Friday, October 26, 2007

A Sign

by the Rev. Thomas B. Woodward

A couple of weeks ago, while attending Trinity Episcopal Church in Meredith, New Hampshire, with my brother, Pete, a man sitting a couple of pews in front of us went to the front of the small church to present the week’s “Ministry Minute.” He said:

In nearly every community in the United States there is the same sign. The sign is significant in its simplicity and in its message. What it says is “The Episcopal Church Welcomes You.” That is what it says wherever you find it, in New Hampshire, California or Texas.

There are two words that are conspicuously absent from the sign. The two words are "except" and "unless." You will not find either of those words on the front or on the back of the sign or even in tiny fine print. You will not find, after the words "The Episcopal Church Welcomes You" the words "unless you interpret the Bible differently than we do" or "except if you are a gay or lesbian person who has been elected bishop." The sign says simply and in a way God intends us all to understand, "The Episcopal Church Welcomes You – No Exceptions, No Unless."
Ron Kiesel, who spoke those words with such simplicity and such power in this rural New England parish, had left the church for nearly two years over being upset by the consecration of a partnered gay man as his bishop. In the coffee hour after the service he told me, “One morning I woke up and heard God’s voice: ‘Who are you to judge that man?’ That was all. And that was all I needed. Now I am back, and Gene Robinson is my bishop, and I am a very, very happy Episcopalian.”


Anonymous Anonymous said...

This was beautiful to read about. You know, if it could happen to Saul of Tarsus, it can happen to anyone. From time to time, I have often pondered the possibility of such a transformation happening to... say BofP or KofQ - while not holding out much hope for a couple of others. But, you never know. Miracles still do happen.

10/26/2007 12:50 PM  
Anonymous maria said...

A shame, isn't it, that a person has to come around to your point of view before they are truly welcome in this church.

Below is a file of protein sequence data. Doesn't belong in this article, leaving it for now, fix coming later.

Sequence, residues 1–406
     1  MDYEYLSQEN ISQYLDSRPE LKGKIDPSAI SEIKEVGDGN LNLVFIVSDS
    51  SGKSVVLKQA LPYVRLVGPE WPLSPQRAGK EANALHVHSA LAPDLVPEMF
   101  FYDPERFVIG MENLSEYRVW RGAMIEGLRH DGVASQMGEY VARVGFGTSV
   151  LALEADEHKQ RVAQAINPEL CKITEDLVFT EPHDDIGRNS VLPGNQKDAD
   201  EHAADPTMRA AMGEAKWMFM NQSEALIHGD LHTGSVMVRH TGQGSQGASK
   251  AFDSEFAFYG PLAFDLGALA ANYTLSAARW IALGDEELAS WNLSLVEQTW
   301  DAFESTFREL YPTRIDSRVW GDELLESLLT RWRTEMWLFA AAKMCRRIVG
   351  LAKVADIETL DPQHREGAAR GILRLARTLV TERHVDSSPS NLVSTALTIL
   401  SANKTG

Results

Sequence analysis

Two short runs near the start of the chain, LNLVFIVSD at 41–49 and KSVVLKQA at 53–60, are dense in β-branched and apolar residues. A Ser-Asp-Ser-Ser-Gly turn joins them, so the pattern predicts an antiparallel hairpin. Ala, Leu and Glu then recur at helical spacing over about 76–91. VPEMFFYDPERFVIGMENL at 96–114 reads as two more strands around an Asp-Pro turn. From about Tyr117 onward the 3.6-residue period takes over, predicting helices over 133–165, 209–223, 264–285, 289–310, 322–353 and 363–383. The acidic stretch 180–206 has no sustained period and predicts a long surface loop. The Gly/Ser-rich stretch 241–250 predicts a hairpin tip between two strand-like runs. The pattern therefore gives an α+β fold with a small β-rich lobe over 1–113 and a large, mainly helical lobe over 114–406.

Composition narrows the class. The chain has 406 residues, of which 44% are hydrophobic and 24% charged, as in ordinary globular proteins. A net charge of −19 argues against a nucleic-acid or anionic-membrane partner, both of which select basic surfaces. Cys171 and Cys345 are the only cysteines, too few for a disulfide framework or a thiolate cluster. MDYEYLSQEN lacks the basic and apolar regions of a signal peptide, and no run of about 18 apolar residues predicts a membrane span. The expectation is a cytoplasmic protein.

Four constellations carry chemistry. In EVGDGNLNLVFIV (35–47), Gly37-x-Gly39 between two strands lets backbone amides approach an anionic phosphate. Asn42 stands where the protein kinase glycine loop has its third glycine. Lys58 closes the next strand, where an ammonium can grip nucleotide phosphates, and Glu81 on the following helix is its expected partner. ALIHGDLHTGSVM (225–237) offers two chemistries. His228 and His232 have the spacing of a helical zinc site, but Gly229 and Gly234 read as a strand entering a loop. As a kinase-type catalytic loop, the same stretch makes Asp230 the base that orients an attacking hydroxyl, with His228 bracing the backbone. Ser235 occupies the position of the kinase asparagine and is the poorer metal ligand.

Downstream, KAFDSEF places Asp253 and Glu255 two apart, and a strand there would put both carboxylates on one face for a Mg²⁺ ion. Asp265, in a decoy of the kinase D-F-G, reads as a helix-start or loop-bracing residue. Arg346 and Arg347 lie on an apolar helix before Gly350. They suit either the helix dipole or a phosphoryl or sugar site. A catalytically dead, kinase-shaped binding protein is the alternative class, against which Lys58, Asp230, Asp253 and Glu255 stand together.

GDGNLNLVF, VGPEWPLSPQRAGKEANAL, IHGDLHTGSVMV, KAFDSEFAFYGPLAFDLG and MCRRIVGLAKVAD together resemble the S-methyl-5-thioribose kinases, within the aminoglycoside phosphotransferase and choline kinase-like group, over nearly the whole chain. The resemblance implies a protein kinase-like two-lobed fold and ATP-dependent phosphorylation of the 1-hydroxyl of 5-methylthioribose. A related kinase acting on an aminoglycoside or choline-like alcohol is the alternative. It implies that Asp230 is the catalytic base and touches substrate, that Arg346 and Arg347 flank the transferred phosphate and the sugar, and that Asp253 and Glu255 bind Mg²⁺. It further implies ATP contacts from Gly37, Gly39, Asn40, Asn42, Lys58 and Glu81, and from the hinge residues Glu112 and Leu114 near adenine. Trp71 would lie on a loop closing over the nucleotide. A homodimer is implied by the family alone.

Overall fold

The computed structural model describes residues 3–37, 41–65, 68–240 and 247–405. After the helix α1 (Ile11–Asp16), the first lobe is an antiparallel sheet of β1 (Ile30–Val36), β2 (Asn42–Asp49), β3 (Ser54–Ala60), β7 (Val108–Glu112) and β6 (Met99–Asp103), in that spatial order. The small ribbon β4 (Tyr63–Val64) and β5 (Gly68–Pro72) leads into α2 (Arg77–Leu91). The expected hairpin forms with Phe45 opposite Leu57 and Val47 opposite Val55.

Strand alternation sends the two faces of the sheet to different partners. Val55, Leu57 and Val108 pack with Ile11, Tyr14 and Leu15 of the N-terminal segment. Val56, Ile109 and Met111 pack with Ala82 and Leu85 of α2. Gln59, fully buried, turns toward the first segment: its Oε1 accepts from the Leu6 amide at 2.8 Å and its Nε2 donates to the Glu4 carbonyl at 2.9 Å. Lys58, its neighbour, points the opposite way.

10/26/2007 9:00 PM  
Blogger Lisa said...

What do you mean, Maria? The whole point of the story is that we are all welcome and all in need of transformation. We all need to be in the church.

Am I misunderstanding your comment?

10/26/2007 9:44 PM  
Blogger Tom said...

I am constantly reminded of Bishop Gene Robinson's comment when someone asks how he deals with people who don't want him in the church: "I have room for them in my church - I wish they had room for me in theirs."

Maria, I have spent all my adult life providing an enthusiastic welcome to those who disagree with me on very important matters -- otherwise this would not be a church, but a Rotary Club. We don't vote people into or out of the church: we welcome them.
Tom Woodward

10/26/2007 10:43 PM  
Anonymous Anonymous said...

Rev. Woodward,
August 29, 2007 - "Blasting away the Bedrock" (on this blog) seems to go against what you are saying here.

You used quotes around the term so-called orthodox and other slights to refer to those who disagree with you on very important points.

I don't care for the cutting language you use for those who are on the other side of the issue. I am concerned that you can write a post like the one above (on 10/26/07) and while not voting them out of the church you seemingly kill them in your heart by ridiculing them.

The issue will not be won by the use of such ideas or language.

Just my two cents worth


10/31/2007 3:58 PM  
Anonymous Anonymous said...

Sorry Greg. That wasn't worth two cents.


10/31/2007 9:04 PM